If you're a TV actor, you have the Emmy Awards. If you're a journalist, you have the Pulitzer Prize. But if you're a citizen reporter, what do you have? Nothing, until now.
CNN first launched the user-generated iReport feature nearly five years ago and last year alone users contributed more than 150,000 "iReports". The project surpassed more than 740,000 "iReporters" in 2010. How does it work? Users submit reports to CNN directly on the Web or from the iPhone app, which are posted to the iReport section of CNN.com.
"The collaborative relationship that we have with our iReporters is one of the unique strengths of CNN, and in many ways represents the future of storytelling," said Meredith Artley, managing editor and vice president of CNN.com, in a press release. "These awards are designed to celebrate those outstanding efforts."
According to the release, awards will be broken up into six categories: Breaking News, Original Reporting, Compelling Imagery (photos or video), Commentary, Personal Story, and Interview. In each category, five users have been nominated and will be judged by a panel of "innovators and trailblazers in participatory storytelling."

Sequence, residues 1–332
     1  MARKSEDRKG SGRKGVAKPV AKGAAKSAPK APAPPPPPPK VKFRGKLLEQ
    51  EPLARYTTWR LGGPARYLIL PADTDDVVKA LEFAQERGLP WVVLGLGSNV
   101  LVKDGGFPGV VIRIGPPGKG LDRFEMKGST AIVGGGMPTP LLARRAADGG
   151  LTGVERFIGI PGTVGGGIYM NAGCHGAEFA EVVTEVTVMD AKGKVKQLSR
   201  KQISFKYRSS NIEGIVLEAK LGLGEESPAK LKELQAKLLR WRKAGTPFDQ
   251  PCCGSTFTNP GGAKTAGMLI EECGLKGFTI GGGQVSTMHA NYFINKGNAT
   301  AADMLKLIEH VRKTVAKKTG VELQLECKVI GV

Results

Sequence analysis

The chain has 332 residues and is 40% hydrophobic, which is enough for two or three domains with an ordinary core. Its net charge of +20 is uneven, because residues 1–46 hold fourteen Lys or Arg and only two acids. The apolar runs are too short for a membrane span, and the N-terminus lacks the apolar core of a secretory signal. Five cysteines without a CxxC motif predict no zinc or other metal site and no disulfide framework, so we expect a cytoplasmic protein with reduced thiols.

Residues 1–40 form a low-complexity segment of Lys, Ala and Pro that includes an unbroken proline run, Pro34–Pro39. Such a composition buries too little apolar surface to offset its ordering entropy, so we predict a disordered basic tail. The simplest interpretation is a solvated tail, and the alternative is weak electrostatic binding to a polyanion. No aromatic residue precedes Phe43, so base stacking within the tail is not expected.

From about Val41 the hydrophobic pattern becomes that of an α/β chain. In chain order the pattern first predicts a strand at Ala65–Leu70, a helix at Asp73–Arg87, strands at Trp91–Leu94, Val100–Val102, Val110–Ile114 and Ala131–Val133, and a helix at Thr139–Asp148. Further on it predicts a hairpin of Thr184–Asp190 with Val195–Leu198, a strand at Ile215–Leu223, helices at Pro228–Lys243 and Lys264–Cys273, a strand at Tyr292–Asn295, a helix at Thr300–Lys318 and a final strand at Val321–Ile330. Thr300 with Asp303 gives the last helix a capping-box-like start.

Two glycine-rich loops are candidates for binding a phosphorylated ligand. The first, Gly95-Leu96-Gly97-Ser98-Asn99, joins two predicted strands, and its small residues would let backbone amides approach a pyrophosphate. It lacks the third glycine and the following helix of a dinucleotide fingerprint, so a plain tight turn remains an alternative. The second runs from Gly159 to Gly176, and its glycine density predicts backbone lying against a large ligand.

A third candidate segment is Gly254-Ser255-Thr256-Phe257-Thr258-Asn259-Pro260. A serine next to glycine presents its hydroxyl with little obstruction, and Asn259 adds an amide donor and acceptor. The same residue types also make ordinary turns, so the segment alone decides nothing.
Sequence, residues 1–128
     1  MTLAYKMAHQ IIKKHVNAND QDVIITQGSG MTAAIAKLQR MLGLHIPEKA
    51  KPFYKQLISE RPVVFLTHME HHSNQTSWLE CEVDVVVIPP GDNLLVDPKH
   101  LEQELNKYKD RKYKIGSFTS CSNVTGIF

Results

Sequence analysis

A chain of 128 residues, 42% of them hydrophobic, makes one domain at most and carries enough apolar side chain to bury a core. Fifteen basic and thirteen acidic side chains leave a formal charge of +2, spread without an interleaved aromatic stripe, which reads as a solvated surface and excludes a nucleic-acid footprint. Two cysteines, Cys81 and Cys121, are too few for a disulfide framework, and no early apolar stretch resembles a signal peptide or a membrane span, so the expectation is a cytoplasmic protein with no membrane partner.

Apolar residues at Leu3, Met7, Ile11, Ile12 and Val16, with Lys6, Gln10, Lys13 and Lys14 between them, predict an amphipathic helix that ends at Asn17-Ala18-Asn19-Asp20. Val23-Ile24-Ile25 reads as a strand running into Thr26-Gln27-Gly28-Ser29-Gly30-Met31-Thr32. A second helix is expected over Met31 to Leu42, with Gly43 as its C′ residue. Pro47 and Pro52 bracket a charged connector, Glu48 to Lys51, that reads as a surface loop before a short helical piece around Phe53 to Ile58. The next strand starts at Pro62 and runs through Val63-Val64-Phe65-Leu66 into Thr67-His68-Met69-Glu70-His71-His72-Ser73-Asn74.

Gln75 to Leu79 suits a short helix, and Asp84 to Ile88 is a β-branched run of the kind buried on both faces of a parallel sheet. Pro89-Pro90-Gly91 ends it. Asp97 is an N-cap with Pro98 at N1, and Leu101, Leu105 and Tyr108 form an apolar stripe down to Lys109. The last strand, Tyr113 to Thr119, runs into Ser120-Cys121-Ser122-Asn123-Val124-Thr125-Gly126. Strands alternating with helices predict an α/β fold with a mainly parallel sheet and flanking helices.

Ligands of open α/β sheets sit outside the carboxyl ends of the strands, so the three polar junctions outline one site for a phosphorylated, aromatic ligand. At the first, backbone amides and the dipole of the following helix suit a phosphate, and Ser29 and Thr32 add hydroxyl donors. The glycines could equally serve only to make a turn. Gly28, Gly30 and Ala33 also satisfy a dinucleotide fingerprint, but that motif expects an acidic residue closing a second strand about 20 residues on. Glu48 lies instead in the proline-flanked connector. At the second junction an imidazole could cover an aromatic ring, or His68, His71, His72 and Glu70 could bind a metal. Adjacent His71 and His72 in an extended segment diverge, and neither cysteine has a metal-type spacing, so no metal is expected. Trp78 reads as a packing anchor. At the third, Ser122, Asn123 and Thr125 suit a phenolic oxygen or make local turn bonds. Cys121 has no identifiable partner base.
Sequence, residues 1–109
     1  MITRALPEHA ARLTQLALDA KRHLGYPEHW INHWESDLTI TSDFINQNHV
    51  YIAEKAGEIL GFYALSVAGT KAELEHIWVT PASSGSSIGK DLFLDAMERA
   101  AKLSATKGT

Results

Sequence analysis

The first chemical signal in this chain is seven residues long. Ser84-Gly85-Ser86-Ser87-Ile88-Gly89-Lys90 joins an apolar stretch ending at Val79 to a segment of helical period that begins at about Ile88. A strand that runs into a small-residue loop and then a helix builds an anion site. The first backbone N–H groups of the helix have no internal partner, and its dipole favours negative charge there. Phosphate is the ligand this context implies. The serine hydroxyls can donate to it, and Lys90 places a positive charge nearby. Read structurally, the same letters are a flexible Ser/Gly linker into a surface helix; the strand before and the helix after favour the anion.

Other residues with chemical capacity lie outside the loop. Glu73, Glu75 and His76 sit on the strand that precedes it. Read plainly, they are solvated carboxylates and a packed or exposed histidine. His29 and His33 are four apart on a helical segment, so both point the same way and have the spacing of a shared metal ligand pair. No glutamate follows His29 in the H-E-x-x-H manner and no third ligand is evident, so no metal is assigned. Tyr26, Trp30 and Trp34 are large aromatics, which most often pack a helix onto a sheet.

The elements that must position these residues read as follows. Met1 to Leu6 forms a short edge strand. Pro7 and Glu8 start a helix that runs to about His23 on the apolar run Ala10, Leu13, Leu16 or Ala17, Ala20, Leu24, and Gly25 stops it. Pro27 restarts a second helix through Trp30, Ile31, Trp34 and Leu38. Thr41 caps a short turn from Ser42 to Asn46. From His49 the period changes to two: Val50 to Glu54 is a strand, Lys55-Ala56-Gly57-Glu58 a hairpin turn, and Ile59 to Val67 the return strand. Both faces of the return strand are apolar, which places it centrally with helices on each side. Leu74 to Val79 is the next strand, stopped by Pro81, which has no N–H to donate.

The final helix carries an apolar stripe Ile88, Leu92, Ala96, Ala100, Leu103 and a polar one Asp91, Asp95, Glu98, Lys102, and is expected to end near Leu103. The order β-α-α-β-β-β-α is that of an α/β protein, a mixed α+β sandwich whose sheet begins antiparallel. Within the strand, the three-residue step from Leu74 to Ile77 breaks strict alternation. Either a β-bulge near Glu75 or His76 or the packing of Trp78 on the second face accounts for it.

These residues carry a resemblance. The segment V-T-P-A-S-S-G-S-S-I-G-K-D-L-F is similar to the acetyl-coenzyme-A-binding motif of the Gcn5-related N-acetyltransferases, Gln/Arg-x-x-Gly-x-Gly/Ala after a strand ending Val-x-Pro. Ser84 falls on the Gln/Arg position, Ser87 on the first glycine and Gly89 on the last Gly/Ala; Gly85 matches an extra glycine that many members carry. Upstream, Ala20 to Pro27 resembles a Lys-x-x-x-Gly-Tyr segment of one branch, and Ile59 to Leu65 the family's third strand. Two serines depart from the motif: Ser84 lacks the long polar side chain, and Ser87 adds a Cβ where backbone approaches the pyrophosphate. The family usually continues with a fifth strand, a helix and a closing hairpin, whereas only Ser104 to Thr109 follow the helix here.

Nominees run the gamut, from iReporter Johnny Colt, who "took a boat out to the coast of Grand Island in Louisiana to expose BP for its slow effort in cleaning up the oil spill", to Sam Bolton, who "investigated the lack of progress made to clean up unexploded bomblets from the Vietnam War." While all of these iReporters may have varying levels of training and experience, they have something in common - the desire to relate their experiences and stories to the world, and CNN offers that platform. Of course, anyone could simply upload videos or relate these accounts on Twitter, Facebook, Blogger or any other "Web 2.0" medium, but CNN might lend a bit of credibility. When CNN independently confirms details on a report, it stamps it with a "vetted" badge.
Awards will close on March 7, but until then you can see all 30 nominees on the iReport Awards site.